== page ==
Showing posts with the label winter arrangement

Bleached Pinecones - Winter Arrangements - December 2023

On my winter evergreen arrangement-making journey this year, I also added a new side-project:  bleaching pinecones.  I've shown a few of my arrangements - including the original and some V2's and all of them featured a number of foraged pinecones.  Some of them were on the tips of the pine branches and others were tucked in with a piece of wire.   When we were last up in Wisconsin, I picked up a few pinecones that were on the driveway.  They were dropped by the upright pine trees.  Here's what they look like pre-bleaching: One-way-or-the-other, I came across the idea of bleaching pinecones as a winter project.  There are dozens of how-to articles like this one that show you the very simple process:  find acorns, put them in a bowl that contains a water and bleach mixture, and weigh them down so they don't float.   That's what I did:  I tucked two into a bleach and water bath overnight.  15-or-so hours later, I pulled them out.  They need a half-day or so to dry o

More V2 Winter Arrangements - More Wild - December 2023

A few days ago, I shared a photo of what I'm calling V2 of my Winter Arrangements for 2023 .  The first one - where I learned a bit - was in the Santa planter .  V2 is a series of four in various vases from GoodWill that I picked up over the weekend.   Below is a photo the second of the four in the V2 Series that we gave to my Sister (Equation Boy/Man's wife).  This one (as the title of the post suggests) is a bit more wild (I'm not sure that's the right word, but it is the one I'm using...for now) and has no color in it aside from green.  Just like the others, this one is foraged but for the eucalyptus.  Has a couple of large pine branches that have some cones on them and a big bolt of juniper that is covered in berries.  This one lacks the crabapple branch(s) and has more eucalyptus and curly will branches.  This vase is a bit shorter and has a wider mouth, so the arrangement is wider with the branches splaying out the sides.  There are distinct, established '

V2 Winter Arrangement - Evergreens, Crabapple, Curly Willow and Eucalyptus - December 2023

Yesterday, I posted a couple of photos of my first winter (evergreen) arrangement that I put together using foraged materials and a vintage Santa planter that we had on hand.  As is wont to happen around here, things took off fast and winter arrangements are my entire personality right now.  I've put together a number of them and have added an even wider array of materials - some foraged and some bought.  Below is one of these V2 winter arrangements. It features crabapple branches (for some red), eucalyptus (from TJ's), some Magnolia leaves and a number of different evergreens - pines, cedars, juniper and firs.  There's also a couple of different branches in this one - curly willow and red (might be dogwood) uprights. I made four of these (all a little bit different) and put them in vases from Goodwill.  This one is a Hoosier Glass 4090 (Green Swirl) that I was drawn to at the store on Ogden Ave.   The other ones are in reds and/or clear vases - all from GoodWill.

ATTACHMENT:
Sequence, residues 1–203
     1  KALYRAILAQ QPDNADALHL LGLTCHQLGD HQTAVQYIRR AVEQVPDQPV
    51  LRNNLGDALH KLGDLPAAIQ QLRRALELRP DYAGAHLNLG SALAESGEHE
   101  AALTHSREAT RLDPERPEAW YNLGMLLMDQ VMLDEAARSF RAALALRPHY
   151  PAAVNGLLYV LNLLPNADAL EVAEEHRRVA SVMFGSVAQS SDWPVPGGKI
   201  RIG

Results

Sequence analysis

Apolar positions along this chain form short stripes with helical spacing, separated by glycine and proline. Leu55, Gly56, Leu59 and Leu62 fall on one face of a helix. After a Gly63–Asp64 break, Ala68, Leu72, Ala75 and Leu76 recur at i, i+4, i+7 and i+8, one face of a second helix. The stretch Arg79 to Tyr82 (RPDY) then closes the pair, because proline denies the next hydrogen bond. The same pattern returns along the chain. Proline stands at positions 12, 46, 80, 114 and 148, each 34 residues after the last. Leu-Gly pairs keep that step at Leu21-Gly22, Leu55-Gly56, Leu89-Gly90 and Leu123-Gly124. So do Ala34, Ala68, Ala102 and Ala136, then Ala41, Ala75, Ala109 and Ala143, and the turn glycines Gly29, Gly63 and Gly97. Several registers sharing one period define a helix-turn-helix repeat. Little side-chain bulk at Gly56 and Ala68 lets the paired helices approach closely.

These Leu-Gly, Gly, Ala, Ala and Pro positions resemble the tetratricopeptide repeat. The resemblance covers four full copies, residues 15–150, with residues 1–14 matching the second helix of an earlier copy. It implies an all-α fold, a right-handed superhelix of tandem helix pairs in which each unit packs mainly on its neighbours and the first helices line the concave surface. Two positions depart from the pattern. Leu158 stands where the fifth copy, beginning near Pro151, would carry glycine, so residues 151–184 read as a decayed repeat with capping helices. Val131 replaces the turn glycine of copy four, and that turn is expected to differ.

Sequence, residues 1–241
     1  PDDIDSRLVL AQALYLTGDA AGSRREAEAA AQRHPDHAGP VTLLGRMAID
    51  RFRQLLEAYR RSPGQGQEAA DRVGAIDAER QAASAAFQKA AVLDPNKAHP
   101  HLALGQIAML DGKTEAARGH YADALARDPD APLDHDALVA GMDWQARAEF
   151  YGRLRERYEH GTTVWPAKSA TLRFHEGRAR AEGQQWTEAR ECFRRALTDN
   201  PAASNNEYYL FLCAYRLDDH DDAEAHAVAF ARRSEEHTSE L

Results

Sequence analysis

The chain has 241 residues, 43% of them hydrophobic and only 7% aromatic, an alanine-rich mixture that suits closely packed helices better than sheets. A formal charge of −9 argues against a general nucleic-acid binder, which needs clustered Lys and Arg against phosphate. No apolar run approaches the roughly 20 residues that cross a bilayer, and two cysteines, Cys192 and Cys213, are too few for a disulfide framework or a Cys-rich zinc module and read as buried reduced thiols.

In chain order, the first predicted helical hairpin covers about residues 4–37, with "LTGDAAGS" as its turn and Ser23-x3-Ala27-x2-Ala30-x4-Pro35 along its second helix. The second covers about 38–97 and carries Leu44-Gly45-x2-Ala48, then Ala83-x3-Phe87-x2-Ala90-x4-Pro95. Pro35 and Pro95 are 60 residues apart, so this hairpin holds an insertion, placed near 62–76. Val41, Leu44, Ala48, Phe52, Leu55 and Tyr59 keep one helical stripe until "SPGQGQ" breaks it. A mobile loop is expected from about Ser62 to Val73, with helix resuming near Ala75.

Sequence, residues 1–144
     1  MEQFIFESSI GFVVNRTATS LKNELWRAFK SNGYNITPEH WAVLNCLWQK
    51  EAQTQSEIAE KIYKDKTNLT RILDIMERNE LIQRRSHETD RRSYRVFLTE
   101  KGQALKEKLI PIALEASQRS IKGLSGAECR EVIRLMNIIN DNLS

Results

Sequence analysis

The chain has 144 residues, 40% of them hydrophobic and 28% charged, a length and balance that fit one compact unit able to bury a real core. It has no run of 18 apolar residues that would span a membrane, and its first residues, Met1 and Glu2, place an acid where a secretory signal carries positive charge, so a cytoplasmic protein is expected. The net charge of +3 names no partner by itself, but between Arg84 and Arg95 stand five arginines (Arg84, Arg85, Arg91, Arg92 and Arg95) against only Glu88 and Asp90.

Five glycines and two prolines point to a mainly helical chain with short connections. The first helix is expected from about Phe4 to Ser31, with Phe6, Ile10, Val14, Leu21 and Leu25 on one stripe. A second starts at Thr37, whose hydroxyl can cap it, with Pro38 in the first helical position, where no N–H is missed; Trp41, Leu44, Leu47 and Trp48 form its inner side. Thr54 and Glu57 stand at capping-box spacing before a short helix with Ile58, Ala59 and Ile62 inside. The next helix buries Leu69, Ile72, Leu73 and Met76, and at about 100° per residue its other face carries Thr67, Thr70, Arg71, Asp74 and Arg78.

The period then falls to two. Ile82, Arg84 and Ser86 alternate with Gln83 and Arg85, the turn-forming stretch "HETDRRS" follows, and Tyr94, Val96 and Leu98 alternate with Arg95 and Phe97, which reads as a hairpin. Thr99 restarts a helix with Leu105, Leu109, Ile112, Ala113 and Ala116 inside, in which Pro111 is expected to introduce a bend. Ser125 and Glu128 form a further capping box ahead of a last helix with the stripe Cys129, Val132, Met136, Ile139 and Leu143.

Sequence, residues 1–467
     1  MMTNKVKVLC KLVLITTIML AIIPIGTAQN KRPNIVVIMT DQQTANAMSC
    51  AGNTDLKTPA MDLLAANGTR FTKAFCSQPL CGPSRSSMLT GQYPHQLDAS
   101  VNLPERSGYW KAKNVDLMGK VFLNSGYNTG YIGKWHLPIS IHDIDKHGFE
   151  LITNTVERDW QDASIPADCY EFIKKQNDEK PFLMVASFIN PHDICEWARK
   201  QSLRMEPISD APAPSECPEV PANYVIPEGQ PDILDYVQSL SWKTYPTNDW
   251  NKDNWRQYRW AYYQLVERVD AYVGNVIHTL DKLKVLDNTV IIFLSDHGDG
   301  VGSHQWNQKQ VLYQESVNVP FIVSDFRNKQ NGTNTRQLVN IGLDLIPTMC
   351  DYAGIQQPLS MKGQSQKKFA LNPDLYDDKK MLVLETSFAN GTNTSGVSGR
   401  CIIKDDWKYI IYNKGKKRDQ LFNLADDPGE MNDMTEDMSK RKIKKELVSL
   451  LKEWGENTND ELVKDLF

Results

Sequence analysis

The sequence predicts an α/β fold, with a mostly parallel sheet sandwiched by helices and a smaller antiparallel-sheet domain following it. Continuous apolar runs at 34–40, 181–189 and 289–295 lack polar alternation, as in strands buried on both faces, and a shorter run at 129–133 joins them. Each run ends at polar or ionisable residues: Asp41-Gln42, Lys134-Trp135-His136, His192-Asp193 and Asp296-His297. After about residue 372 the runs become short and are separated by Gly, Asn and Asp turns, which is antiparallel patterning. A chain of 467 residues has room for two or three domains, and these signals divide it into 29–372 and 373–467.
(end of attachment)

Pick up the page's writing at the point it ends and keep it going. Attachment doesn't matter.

First Winter Greenery Arrangement - December 203

This Summer, I started to experiment with making my first few arrangements.  They were full of Disneyland Roses, Zinnias and whatever I could snip out of the garden .  I had a lot of fun experimenting with those countertop arrangements the last month-or-so of the growing season and is something that I'm already thinking about for 2024.   With Winter here and everything dormant, I recently opted to try my hand at a winter greenery arrangement for the kitchen.  We had this Santa Claus Holt Howard planter on hand, so I grabbed it and started planning.  See below for the Santa planter: One of the things that I learned this Summer was to try to use a grid in wider-mouth vases and planters to create some structure that the stems can be supported by instead of just being jammed into the mouth together.  I grabbed some of this green hardware cloth and cut a small section.  Below you can see it inserted in the back of the planter: From there, I cut up some of the boughs from our Christmas t